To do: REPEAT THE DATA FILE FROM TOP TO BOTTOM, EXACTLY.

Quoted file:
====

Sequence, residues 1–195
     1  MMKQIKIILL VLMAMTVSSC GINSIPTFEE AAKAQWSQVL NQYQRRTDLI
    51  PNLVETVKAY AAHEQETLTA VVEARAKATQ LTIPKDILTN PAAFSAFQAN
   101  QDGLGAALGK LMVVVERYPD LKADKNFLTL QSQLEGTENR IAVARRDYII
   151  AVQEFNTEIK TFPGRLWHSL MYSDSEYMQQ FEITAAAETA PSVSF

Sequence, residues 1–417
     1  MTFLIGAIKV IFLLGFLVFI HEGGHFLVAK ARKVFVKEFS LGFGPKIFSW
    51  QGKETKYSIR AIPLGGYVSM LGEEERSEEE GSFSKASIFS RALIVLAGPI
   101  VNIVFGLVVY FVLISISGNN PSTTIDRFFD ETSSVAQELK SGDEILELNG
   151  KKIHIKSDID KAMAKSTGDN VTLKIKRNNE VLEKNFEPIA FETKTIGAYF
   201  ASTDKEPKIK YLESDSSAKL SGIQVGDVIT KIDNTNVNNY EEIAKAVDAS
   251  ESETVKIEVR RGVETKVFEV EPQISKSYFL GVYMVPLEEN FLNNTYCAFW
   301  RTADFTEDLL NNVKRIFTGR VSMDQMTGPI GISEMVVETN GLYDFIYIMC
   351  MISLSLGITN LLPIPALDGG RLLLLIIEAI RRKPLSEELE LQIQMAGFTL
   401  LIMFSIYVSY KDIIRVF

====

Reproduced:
Sequence, residues 1–195
     1  MMKQIKIILL VLMAMTVSSC GINSIPTFEE AAKAQWSQVL NQYQRRTDLI
    51  PNLVETVKAY AAHEQETLTA VVEARAKATQ LTIPKDILTN PAAFSAFQAN
   101  QDGLGAALGK LMVVVERYPD LKADKNFLTL QSQLEGTENR IAVARRDYII
   151  AVQEFNTEIK TFPGRLWHSL MYSDSEYMQQ FEITAAAETA PSVSF

Sequence, residues 1–417
     1  MTFLIGAIKV IFLLGFLVFI HEGGHFLVAK ARKVFVKEFS LGFGPKIFSW
    51  QGKETKYSIR AIPLGGYVSM LGEEERSEEE GSFSKASIFS RALIVLAGPI
   101  VNIVFGLVVY FVLISISGNN PSTTIDRFFD ETSSVAQELK SGDEILELNG
   151  KKIHIKSDID KAMAKSTGDN VTLKIKRNNE VLEKNFEPIA FETKTIGAYF
   201  ASTDKEPKIK YLESDSSAKL SGIQVGDVIT KIDNTNVNNY EEIAKAVDAS
   251  ESETVKIEVR RGVETKVFEV EPQISKSYFL GVYMVPLEEN FLNNTYCAFW
   301  RTADFTEDLL NNVKRIFTGR VSMDQMTGPI GISEMVVETN GLYDFIYIMC
   351  MISLSLGITN LLPIPALDGG RLLLLIIEAI RRKPLSEELE LQIQMAGFTL
   401  LIMFSIYVSY KDIIRVF